New York City’s Answer to Evaluating Teachers: More Standardized Tests for Students


In order to deal with the demand to better vet teachers, New York City schools are planning on putting as much as a quarter of the $256 million in federal grant money toward creating sixteen new standardized exams for students. Only this time, the results will be used to grade their instructors. This means elementary-school students would likely take at least one or two additional tests per year, starting in the third grade. And high-school students could take up to eight additional tests per year. That’s on top of the state English, math, and Regent exams. Besides the failure of similar programs in other states like Kentucky and the fact that it further incentivizes teachers to practice skills for the test rather than broader learning, has no one considered the fact that frustrated students whose educational experience has become one extended test-prep session might want to skew the results?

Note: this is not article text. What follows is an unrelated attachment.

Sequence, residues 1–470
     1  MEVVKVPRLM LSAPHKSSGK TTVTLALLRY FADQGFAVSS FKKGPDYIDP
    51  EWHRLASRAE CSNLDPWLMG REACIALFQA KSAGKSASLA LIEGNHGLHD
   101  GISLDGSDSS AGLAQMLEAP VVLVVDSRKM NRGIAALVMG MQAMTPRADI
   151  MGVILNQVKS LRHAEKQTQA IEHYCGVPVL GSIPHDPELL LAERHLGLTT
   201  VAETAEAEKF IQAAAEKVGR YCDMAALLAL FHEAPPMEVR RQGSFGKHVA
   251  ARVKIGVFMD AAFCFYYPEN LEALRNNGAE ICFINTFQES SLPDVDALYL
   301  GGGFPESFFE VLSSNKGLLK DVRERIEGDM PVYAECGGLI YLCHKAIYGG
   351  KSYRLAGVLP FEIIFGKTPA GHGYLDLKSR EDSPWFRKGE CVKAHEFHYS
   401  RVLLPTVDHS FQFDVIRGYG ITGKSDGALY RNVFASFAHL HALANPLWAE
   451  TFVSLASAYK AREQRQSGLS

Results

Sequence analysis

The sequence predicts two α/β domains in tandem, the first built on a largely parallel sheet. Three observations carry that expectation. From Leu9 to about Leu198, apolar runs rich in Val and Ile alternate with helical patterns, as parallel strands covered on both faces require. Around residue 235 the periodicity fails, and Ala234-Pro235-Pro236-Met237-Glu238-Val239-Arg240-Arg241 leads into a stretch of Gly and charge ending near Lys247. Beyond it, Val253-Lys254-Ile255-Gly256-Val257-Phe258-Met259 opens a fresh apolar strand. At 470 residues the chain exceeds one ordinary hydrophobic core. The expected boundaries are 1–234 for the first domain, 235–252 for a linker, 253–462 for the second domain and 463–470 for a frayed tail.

Tests for Pupils, But the Grades Go to Teachers [NYT]